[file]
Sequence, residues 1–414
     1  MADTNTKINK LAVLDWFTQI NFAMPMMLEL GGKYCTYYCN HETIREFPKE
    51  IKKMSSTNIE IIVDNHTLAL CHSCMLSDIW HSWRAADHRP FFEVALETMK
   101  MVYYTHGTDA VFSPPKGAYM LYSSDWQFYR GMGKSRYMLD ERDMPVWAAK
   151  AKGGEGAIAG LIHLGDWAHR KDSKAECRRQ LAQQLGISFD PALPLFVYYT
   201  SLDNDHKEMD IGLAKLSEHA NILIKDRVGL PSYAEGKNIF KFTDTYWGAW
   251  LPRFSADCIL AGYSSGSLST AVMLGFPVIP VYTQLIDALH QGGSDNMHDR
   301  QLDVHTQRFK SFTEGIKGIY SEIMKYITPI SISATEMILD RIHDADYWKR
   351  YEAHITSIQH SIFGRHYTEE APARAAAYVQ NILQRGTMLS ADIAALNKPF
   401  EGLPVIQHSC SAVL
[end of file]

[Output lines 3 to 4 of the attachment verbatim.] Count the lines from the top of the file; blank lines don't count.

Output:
    51  IKKMSSTNIE IIVDNHTLAL CHSCMLSDIW HSWRAADHRP FFEVALETMK
   101  MVYYTHGTDA VFSPPKGAYM LYSSDWQFYR GMGKSRYMLD ERDMPVWAAK